As Marshall McLuhan famously said, “The medium is the message”.
And it’s true. Over time, the possibilities of each new media are reduced to the subset the core audience actually wants, however conscious or unconscious that decision is. The medium streamlines down into its eventual message.
For Instagram, that means beautiful people looking fabulous. For Twitter, it’s outspoken, hostile people finding outrage everywhere they look. For Netflix, it’s hours and hours of delicious box set gluttony.
So what about the App Store?
The days of ‘There’s an app for that’ are long gone. Not that with over two million available there’s a lack of apps to download. But, a decade since launch, all the research points to people downloading fewer and fewer new apps, and using even less. And, of course, everything is free – at least to download.
Which creates a big problem given Apple has always been a strong proponent of paid, high-quality products. This is especially true when it comes to the games category, which still dominates the App Store in terms of apps that make the most money.
For, with some notable exceptions – Minecraft, Plague, Heads-Up, Bloons, Monument Valley – paid games just don’t attract the audience to generate even a few millions of dollars.
Enter Apple Arcade.
The thinking behind this subscription service for games – one that sits alongside similar products for TV and movies (Apple TV+) and news (Apple News+) – is free-to-play games have swamped the App Store to such an extent that original, paid games are being ignored, even by people who would enjoy them.
“Paid games are often critically acclaimed and beloved by the people who play them, but competing with free is hard, so even the best of these games have only reached a smaller audience,” Apple noted in its announcement press release.
Its plan is by curating exclusive content (exclusive at least on mobile) and charging a monthly subscription (price to be announced) the ‘paid’ game ecosystem can once again thrive.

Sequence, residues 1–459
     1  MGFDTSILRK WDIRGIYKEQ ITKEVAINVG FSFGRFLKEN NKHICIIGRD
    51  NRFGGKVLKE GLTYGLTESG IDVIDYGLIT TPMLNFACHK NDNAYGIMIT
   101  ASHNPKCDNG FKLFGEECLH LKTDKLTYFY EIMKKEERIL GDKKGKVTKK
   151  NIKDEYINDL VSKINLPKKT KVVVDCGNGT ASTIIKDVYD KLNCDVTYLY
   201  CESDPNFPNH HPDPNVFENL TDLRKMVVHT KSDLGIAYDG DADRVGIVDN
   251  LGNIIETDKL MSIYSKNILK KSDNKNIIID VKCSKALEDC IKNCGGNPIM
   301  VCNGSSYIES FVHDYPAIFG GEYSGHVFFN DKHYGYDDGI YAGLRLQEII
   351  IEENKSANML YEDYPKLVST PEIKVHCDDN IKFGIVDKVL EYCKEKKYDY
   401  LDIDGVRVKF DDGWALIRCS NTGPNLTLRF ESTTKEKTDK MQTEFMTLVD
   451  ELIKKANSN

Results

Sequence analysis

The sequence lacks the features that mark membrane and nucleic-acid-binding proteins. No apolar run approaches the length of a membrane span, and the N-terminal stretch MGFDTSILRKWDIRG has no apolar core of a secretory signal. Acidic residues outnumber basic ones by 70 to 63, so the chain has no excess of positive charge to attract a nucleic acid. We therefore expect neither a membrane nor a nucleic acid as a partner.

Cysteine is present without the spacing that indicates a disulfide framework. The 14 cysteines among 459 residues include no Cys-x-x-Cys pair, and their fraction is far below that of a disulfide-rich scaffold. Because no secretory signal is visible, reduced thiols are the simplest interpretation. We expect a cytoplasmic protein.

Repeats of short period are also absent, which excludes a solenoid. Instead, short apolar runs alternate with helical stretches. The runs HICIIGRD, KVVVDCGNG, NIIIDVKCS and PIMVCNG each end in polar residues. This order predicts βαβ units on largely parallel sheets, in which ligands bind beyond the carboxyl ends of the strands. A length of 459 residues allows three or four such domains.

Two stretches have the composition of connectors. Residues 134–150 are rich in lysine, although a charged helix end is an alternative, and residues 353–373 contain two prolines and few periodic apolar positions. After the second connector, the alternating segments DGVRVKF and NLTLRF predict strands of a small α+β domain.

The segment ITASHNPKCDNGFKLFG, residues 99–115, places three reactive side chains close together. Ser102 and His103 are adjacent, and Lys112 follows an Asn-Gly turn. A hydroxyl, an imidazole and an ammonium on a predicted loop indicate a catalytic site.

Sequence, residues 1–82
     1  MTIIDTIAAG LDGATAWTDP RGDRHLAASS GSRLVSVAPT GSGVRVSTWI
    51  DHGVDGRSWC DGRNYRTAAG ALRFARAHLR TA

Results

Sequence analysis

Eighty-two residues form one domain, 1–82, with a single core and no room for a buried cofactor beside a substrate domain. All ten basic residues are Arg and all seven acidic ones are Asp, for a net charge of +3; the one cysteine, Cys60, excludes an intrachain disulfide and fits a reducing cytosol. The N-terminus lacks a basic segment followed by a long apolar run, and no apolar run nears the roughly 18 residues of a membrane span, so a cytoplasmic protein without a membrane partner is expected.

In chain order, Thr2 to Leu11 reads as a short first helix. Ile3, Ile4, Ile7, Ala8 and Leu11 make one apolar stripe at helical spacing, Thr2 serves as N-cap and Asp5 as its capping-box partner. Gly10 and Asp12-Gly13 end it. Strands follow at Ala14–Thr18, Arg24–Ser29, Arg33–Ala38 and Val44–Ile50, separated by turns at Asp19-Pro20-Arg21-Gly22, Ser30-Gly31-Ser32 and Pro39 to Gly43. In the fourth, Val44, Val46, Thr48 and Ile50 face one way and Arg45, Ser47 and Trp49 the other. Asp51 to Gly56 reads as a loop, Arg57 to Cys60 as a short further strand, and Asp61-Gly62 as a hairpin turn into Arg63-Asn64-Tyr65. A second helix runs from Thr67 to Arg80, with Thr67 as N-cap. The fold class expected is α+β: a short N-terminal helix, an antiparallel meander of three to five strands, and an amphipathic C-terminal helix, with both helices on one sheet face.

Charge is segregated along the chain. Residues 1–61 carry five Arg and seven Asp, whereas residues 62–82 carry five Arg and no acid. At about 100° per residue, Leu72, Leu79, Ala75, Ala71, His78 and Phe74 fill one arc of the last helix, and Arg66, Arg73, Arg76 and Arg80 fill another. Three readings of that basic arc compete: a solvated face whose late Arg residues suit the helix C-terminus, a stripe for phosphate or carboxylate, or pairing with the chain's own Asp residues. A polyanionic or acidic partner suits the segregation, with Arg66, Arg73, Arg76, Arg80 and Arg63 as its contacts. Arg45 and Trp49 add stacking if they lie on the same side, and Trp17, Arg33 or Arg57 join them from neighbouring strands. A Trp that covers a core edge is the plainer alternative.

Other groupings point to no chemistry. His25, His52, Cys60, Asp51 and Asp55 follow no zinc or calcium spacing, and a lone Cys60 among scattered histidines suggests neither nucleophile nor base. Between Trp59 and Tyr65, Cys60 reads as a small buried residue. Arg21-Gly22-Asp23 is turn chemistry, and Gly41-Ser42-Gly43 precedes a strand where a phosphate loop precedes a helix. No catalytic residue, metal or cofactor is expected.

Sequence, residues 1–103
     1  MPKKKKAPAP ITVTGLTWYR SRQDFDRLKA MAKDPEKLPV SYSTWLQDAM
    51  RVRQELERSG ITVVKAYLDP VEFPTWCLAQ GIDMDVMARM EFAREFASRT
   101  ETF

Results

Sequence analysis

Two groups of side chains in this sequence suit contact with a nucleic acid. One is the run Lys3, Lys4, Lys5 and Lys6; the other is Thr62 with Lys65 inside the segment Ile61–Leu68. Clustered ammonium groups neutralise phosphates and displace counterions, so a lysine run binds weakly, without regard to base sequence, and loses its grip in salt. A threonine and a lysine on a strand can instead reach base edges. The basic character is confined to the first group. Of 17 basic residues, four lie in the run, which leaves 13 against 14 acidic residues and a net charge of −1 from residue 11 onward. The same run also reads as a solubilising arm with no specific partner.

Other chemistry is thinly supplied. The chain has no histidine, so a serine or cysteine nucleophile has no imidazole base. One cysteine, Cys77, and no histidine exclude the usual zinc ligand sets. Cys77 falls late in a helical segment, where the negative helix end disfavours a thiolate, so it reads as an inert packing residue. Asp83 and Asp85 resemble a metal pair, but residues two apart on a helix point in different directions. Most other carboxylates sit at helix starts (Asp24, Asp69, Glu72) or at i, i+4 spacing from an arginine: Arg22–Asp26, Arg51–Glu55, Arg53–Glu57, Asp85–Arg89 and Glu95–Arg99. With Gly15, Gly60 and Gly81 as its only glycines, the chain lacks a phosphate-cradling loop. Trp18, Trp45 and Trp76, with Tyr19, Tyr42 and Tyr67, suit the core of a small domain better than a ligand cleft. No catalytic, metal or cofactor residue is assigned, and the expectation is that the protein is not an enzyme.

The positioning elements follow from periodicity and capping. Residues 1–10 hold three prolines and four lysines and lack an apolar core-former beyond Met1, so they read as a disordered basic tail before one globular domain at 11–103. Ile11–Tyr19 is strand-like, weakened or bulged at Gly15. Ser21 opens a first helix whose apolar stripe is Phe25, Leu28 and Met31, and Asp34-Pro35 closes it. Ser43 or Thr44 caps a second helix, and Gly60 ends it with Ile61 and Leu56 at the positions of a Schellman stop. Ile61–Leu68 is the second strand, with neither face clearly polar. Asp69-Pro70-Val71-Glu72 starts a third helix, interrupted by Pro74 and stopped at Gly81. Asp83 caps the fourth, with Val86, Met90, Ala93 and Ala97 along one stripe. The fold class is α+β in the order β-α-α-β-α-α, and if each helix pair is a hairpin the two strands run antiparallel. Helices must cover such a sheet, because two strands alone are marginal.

Price is, of course, central to this plan. A subscription of over $10 a month/$100 a year would raise eyebrows but more fundamental is ensuring the perceived value of Apple Arcade is much, much higher.
Part of this positioning is technical. Apple Arcade is an all-you-can-play service, with no ads or IAPs. Players will be able to take their games from iPhone to iPad, Mac and Apple TV seamlessly, as well as playing offline. Another key element is up to six family members can access one account.
Apple Arcade will certainly be welcomed by many parents, concerned about their kids’ online privacy, access to age-inappropriate content, and ads.
Yet the main plank on which the success of Apple Arcade will rise or fall will be the quality of the games themselves. That’s why Apple is working closely with partners, and in many cases, paying for development costs upfront.
Prominent in the list of launch partners are the likes of Ustwo (Monument Valley series), Snowman (the Alto games) and arthouse publishing giant Annapurna (Florence, What Remains of Edith Finch, Gorogoa).
Traditional game companies such as Gameloft, Lego, Sega and Konami are signed up too, as are anticipated indie sequels such as Revolution’s Beyond a Steel Sky and Cornfox & Bros’ Oceanhorn 2. No doubt, plenty of additional excitement will be generated in the coming months as more of the promised “over 100 new games” are revealed.
Equally, for many game designers alienated by current monetization mechanics, Apple Arcade now provides a unique opportunity to realise game experiences – especially thoughtful, narrative experiences – that otherwise could not be explored. In that regard, Apple hopes Arcade will awaken creativity long dormant in gaming in a similar manner to how Netflix has been a catalyst for small screen series production.
The deeper question, however, brings us back to Marshall McLuhan.
Gaming on the App Store has naturally evolved into a highly competitive market for free-to-play games, which is driven by the sophisticated retention and monetization techniques that have lifted the financial value of mobile games from zero to more than $50 billion of annual revenue.
Currently, at least, that is the message of App Store gaming.
Apple Arcade is an attempt to reset that message, and redirect the medium to something very different. It will be fascinating to see whether or not such commercial re-engineering is possible. Still, no matter what the eventual outcome, in the short term, mobile game developers and gamers will be the winners.